While most camera phones today, including capable smartphones with high-megapixel cameras, can take excellent images in bright conditions, the included LED flash modules on these devices still are not bright enough to light up a picture when taken in a dimly-lit setting, like in a home, restaurant, or bar at night. Camera manufacturers like Nokia have tried to combat the problem of low-light phone photography by adding either a secondary LED flash or by utilizing a Xenon flash, which is bright and allows the camera to capture more accurate colors when used. Now, STMicroelectronics is introducing a new flash module that will emit as much light as a floodlight and still be energy efficient.
The camera flash and torch light is capable of shining up to 40 Watts of power, making it as bright as an outdoors security light. The extra amount of brightness will help multi-megapixel cameras capture more light, which means that the shutter won’t need to stay open as long. The end result means that there will be less motion blur in addition to brightly lit images when captured in darkened environments.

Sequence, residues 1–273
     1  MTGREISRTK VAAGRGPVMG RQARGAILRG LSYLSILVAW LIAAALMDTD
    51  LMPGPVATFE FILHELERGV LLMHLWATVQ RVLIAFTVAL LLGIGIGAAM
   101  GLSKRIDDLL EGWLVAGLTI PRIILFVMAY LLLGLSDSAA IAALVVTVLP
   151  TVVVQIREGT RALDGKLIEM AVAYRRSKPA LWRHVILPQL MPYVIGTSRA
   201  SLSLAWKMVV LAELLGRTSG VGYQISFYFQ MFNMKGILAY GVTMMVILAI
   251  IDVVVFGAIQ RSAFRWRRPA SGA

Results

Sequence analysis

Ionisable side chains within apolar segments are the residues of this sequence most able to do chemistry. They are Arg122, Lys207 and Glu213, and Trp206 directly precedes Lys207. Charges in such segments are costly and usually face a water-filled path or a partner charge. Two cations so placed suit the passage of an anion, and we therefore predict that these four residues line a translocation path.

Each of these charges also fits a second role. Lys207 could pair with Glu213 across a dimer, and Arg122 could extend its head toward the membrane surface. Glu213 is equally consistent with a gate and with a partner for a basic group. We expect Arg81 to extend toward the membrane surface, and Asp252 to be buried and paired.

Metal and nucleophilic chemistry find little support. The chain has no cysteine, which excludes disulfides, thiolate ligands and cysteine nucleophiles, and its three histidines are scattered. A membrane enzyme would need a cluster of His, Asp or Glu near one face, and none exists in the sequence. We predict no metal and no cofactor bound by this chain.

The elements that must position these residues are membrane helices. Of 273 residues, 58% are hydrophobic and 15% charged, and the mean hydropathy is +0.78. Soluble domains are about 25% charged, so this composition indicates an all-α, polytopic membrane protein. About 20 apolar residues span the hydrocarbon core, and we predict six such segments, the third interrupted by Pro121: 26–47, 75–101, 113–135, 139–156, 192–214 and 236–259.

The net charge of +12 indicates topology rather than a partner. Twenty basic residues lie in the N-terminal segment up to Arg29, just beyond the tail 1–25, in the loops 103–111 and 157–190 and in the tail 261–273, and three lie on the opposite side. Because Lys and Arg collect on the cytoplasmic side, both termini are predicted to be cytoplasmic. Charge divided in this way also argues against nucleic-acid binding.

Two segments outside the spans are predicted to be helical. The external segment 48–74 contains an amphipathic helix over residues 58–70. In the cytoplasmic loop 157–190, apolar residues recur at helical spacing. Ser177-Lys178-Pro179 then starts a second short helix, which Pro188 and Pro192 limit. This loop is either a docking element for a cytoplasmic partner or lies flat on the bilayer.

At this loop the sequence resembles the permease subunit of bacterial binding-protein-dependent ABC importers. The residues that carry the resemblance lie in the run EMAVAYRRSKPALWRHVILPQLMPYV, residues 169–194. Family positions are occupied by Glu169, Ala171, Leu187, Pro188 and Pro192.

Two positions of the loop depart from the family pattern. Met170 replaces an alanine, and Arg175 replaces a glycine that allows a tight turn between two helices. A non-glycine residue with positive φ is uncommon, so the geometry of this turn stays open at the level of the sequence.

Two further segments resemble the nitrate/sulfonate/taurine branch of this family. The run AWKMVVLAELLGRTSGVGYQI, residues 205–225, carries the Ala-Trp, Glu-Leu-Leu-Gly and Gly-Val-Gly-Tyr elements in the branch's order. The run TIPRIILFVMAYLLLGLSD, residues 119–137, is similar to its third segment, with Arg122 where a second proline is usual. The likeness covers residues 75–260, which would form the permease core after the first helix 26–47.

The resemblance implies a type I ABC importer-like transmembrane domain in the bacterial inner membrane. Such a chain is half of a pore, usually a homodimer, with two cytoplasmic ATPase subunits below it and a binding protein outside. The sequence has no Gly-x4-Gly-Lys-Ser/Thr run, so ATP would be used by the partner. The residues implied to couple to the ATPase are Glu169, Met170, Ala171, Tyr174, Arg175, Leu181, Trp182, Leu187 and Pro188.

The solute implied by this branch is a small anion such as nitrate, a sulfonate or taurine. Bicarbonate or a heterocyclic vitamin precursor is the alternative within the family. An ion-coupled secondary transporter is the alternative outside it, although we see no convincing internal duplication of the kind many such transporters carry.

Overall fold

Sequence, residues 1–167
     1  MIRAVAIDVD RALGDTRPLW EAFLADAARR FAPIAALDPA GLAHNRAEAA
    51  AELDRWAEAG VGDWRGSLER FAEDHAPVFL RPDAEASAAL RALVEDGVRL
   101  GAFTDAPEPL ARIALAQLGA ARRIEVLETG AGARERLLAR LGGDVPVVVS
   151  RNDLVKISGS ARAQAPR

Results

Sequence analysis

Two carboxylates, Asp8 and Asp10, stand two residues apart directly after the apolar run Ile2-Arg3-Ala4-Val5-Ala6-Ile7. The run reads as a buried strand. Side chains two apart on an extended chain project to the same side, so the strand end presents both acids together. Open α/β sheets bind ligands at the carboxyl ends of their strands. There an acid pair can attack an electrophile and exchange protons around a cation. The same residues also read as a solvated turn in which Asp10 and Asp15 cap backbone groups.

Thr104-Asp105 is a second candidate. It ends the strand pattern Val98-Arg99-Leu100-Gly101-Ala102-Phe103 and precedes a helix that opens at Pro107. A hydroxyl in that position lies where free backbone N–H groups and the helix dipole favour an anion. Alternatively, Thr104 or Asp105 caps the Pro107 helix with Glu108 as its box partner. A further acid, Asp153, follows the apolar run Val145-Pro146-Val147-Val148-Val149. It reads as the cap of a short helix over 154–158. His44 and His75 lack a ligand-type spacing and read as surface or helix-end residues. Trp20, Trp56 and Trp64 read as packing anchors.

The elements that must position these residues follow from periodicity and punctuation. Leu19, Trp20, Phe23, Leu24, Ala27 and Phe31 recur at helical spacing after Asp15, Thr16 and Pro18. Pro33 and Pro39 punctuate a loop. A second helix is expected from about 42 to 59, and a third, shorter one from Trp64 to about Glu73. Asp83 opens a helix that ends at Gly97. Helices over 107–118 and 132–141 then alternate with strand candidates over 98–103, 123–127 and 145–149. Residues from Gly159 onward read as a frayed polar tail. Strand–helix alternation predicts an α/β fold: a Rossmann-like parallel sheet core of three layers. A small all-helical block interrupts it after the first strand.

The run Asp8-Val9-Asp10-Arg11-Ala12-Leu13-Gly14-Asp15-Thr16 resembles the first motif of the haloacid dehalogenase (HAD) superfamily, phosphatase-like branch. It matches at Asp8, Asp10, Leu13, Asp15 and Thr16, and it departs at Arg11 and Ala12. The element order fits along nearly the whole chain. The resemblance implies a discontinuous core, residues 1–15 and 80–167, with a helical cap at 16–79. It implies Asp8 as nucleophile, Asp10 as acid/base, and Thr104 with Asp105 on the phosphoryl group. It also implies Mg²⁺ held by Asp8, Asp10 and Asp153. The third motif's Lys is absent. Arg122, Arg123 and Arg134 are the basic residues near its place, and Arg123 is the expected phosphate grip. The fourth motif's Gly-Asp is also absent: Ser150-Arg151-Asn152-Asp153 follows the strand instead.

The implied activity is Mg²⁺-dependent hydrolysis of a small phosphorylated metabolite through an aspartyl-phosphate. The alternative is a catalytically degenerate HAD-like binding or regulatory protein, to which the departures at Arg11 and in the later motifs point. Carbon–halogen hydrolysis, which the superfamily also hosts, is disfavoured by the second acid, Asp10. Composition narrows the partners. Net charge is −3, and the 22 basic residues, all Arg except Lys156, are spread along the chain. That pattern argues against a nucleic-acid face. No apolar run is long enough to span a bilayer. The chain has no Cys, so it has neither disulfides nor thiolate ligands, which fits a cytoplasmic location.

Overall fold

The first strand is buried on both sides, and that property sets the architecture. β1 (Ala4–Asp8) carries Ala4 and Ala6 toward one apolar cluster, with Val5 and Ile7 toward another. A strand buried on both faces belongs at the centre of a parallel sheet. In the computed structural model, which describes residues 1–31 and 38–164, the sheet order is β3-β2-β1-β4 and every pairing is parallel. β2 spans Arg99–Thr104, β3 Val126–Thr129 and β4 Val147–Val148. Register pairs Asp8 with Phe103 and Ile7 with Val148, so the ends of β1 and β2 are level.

Users can also control how much light is shining or blinding their subjects when using the camera. There are 8 user-selectable flash levels and 12 user-selectable torch levels for when you’d want to use the flash module as a flash light.
Unfortunately, the chipset will only be available to phone manufacturers later this year, which probably means that we won’t see them in commercial phones until late 2012 or early 2013. The module will cost device manufacturers $2 per unit. Most likely, this will miss the rumored iPhone 5 launch this summer.
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